BUG OFF! Deter Pests Naturally!

By Susan C.


Flummoxed over fruit flies? Anxious about ants? Moths mating in the bird food cabinet? Most of us been driven over the edge by some sort of insect or rodent invasion in our bird’s area at one time or another, and a good part of that anxiety is because we don’t want to use pest control methods that could possibly harm our pets or wildlife. Here are some non-toxic and easy ways to control the nasty critters.




Begin at the port of entry. Inspect the outside of your home and remove any debris lying in proximity to the foundation. Mice, ants and even some wasps gravitate toward wood, cardboard and overgrown or dead foliage. Removing these food and shelter sources is your first line of defense.

Sprinkle diatomaceous earth around the foundation of your home to deter soft bodied insects, such as ants, silverfish, fleas, roaches and ticks. It can also be used inside garages and basements, under sinks and along baseboards. Diatomaceous earth, or silica, is made of fossilized, tiny aquatic organisms called diatoms, and it works to kill insects through desiccation. They crawl through it, and it leaches the moisture right out of their bodies. It resembles talcum powder and won’t hurt animals or people who ingest small amounts.

According to the National Pesticide Information Center, diatomaceous earth is commonly encountered by wildlife, including birds, and is not known to be harmful. Like any powder, inhaled diatomaceous earth can irritate nasal passages, and on the skin, may cause some irritation and dryness, so wear a filtration mask when applying it, and do not disperse large amounts when birds are present. Due to its abrasiveness, it can also be irritating to the eyes. You can find Safer® Brand Diatomaceous Earth in the pesticide departments of home improvement stores, such as Home Depot, or buy from online sources, such as Amazon.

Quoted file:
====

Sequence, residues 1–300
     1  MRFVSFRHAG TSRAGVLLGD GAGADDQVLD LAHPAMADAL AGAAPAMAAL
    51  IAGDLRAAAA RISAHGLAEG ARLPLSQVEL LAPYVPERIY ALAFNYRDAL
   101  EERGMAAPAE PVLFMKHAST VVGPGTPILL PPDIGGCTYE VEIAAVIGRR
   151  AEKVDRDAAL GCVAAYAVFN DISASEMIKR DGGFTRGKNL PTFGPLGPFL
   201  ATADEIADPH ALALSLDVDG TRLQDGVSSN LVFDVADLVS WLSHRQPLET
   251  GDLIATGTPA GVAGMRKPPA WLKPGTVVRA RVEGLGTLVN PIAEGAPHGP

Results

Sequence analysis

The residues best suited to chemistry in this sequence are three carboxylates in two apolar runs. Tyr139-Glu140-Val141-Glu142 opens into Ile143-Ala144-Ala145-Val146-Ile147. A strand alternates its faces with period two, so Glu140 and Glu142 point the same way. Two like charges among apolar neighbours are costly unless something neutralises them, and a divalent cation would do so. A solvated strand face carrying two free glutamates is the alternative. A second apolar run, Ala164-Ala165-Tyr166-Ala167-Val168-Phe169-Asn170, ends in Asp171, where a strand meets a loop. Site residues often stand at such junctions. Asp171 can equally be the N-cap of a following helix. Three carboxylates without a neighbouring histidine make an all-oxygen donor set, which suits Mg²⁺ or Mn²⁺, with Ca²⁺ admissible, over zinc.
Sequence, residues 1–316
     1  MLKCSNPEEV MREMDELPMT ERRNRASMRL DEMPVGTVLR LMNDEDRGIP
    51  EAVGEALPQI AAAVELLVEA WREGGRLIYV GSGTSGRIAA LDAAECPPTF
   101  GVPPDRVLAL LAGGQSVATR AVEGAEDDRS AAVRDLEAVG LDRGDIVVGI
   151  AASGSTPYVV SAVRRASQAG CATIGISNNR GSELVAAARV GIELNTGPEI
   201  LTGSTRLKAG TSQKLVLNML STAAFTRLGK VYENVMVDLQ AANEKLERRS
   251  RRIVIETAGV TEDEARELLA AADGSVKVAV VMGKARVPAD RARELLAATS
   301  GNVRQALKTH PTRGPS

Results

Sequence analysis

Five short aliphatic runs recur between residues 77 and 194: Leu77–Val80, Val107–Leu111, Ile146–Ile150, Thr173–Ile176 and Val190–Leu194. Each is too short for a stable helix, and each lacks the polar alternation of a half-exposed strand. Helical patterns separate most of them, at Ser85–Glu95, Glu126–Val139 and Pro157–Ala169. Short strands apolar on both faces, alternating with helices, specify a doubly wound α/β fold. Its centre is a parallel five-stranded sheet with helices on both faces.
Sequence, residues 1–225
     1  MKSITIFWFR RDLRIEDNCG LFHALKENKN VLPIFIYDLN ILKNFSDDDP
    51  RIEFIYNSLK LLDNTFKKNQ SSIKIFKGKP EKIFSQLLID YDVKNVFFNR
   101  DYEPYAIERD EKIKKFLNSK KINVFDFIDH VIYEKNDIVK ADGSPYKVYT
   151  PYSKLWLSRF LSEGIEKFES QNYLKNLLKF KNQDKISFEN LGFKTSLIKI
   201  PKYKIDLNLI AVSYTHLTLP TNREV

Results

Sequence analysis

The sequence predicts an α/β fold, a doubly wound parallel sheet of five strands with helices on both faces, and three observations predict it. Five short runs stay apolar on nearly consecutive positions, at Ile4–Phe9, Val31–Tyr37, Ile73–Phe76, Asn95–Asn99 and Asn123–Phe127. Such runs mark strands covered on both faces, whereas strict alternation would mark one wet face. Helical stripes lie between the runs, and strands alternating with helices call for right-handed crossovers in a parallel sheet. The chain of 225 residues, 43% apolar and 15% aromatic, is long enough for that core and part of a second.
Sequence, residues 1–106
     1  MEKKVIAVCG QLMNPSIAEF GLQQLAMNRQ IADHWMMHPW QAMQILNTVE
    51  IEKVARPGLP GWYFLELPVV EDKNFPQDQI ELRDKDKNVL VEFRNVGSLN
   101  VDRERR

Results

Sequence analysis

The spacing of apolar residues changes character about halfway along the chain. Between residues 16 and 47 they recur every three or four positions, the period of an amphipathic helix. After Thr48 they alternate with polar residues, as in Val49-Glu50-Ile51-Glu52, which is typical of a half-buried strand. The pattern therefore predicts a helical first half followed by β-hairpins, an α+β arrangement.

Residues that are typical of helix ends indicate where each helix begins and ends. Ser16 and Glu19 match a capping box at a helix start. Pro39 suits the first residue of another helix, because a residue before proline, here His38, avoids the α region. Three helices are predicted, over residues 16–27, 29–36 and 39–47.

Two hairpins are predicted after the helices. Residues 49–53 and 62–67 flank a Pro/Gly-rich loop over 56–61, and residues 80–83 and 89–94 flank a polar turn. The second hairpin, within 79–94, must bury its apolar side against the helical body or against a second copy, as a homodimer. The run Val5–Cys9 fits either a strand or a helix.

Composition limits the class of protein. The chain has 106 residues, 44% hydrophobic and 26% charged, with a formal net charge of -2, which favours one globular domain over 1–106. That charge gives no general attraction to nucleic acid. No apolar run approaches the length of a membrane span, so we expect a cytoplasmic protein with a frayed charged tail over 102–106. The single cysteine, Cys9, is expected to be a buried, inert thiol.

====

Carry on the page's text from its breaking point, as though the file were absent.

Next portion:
If you’ve seen evidence of mice, (little black/brown droppings that look like chocolate confectionary sprinkles, chewed food bags) look for their entry points. Search beneath sinks, around plumbing pipes, along baseboard heating and inside cabinets and closets. Plug openings with steel wool and check frequently to be sure it hasn’t been disturbed. Baking soda, bay leaves or peppermint oil on cotton balls placed inside cabinets and at entry points can help repel mice and some insects. Check your garage, laundry room and mud room for anything that could be nesting material, such as rags, cellulose insulation, cardboard boxes or clothing that hasn’t been moved in a while and discard or relocate it. Be sure that bins of clothes and decorative items are securely closed and keep car windows rolled up. Mice have been known to nest in automobile upholstery.

Should you use electronic pest control devices? None offer a quick resolution, and none are 100% effective. Read package claims on such devices; they’re regulated by the Federal Trade Commission. The best results combine ultrasonic devices with trapping, as the sound waves cause rodents and insects to scatter, often into the traps. Old fashioned snap-traps are probably the most humane, economical and effective methods of mouse control. If you have an aversion killing mice, try humane traps and release the captives far from your home.

Thwart insects and rodents in bird food by storing it in pest resistant containers. Transfer bagged food to glass containers or canisters with tightly fitting lids. Keep the food on a high cabinet shelf, rather than on one close to the floor to reduce risk of a mouse invasion. Consider painting cabinet shelves white so that you’ll see evidence of insects or rodents before their presence becomes overwhelming.